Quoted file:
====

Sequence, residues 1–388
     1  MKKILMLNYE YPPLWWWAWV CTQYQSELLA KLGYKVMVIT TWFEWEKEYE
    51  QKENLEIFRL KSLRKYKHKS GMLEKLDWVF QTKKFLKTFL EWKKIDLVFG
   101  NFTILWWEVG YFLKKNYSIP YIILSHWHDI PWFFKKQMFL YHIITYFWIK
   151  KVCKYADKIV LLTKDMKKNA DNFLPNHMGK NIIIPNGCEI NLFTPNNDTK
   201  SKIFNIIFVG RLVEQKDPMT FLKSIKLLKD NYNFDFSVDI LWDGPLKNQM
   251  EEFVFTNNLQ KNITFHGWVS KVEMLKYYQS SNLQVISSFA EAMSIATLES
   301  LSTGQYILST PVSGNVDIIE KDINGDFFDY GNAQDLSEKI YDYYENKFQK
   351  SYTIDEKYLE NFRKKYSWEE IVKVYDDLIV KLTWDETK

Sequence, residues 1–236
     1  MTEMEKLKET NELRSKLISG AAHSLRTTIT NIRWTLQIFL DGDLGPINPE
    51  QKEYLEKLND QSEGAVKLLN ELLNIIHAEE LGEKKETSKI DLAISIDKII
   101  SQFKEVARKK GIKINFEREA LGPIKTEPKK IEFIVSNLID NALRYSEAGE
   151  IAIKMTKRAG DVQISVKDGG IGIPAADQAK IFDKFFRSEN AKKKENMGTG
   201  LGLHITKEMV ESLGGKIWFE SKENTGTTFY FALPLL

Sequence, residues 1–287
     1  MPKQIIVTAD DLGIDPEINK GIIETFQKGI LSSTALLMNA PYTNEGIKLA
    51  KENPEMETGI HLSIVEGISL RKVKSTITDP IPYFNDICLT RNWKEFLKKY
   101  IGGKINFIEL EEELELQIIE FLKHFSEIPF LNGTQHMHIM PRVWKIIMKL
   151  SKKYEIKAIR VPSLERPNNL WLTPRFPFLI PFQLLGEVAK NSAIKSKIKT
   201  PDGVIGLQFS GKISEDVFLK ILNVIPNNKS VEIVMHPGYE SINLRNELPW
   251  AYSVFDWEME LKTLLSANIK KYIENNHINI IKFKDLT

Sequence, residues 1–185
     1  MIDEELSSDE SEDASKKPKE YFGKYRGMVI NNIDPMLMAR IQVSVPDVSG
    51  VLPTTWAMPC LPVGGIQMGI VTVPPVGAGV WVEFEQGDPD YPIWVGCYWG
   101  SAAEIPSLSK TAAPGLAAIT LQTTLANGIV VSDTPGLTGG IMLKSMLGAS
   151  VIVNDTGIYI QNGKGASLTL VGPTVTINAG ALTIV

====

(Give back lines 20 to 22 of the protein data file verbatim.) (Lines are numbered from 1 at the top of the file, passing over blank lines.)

   151  SKKYEIKAIR VPSLERPNNL WLTPRFPFLI PFQLLGEVAK NSAIKSKIKT
   201  PDGVIGLQFS GKISEDVFLK ILNVIPNNKS VEIVMHPGYE SINLRNELPW
   251  AYSVFDWEME LKTLLSANIK KYIENNHINI IKFKDLT